Sentencing – reasonableness
A 20-year sentence for unlawful possession of a firearm is not unreasonable.
“Pollock argues that ‘[t]he district court’s cursory attention to the § 3553(a) factors provides this Court with no in-formation as to why Pollock received a 20-year sentence and therefore hinders meaningful appellate review.’ Appellant Br. at 33. We disagree. A ‘district court is not required to re-cite and address each of the § 3553(a) sentencing factors, or all of a defendant’s arguments for a lighter sentence.’ United States v. Lyons, 733 F.3d 777, 785 (7th Cir. 2013). ‘[T]he sentencing judge can discuss the application of the statutory factors to the defendant not in checklist fashion but instead in the form of an adequate statement of the judge’s reasons, consistent with section 3553(a), for thinking the sentence that he has selected is indeed appropriate for the particular defendant.’ United States v. Dean, 414 F.3d 725, 729 (7th Cir. 2005). It is clear from reviewing the district court’s statements—including those noted below—that it found the serious nature of Pollock’s crimes to be a key factor.”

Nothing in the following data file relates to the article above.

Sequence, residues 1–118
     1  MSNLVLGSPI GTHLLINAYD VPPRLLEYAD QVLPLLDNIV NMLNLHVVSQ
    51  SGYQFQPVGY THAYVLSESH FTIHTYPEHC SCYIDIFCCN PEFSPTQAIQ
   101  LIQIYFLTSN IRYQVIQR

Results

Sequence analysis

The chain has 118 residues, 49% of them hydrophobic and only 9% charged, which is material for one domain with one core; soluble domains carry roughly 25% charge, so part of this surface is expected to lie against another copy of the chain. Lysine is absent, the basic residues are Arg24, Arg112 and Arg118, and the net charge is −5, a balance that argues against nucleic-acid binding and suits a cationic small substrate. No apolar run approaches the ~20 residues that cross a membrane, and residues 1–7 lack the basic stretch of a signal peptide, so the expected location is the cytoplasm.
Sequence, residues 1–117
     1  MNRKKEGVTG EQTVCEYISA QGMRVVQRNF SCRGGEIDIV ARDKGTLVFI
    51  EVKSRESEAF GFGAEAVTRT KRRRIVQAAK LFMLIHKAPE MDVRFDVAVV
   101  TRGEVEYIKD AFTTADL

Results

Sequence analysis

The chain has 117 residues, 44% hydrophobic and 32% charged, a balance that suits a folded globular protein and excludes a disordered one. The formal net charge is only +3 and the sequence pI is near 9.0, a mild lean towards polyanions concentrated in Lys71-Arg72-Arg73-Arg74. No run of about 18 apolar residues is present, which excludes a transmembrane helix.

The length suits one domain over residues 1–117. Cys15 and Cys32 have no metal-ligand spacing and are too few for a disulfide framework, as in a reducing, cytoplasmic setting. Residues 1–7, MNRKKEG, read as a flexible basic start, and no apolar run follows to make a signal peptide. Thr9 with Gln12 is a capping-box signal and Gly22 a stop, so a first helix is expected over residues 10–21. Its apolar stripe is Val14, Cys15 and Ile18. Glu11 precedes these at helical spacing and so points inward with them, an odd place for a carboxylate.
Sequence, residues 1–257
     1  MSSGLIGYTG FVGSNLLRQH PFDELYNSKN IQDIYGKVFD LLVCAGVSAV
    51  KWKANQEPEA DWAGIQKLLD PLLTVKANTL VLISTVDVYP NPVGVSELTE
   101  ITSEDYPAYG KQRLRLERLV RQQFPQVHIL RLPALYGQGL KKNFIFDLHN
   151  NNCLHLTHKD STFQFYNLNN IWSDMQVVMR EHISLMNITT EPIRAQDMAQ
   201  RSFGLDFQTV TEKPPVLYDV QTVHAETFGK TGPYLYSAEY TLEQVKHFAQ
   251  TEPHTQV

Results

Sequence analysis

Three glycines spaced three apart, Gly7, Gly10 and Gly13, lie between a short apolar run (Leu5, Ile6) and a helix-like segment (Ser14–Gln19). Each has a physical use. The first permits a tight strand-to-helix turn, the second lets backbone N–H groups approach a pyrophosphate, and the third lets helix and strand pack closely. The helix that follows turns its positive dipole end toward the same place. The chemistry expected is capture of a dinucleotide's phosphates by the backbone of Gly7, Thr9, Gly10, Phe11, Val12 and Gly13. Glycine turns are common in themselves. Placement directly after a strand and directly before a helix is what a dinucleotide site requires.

13-2764 U.S. v. Pollock
Appeal from the United States District Court for the Central District of Illinois, Shadid, J., Lawrence, J.